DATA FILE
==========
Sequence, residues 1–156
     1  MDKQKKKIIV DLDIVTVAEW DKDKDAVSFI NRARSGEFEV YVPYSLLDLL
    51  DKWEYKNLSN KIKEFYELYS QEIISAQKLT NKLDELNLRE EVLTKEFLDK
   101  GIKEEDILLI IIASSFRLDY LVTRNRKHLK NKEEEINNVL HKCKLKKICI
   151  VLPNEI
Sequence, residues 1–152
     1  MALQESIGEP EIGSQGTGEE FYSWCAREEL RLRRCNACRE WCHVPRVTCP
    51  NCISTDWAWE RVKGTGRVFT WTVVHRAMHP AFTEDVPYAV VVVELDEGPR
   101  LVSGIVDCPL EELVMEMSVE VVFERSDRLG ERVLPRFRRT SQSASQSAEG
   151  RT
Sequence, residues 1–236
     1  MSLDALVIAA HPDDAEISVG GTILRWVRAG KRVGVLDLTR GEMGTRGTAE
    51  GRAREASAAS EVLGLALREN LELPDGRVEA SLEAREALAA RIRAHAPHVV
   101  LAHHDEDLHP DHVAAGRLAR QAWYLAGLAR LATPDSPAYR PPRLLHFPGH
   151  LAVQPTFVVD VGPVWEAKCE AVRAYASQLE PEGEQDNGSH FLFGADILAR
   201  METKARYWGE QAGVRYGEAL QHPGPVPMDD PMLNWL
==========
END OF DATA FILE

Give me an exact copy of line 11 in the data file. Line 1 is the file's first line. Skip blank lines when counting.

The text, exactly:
Sequence, residues 1–236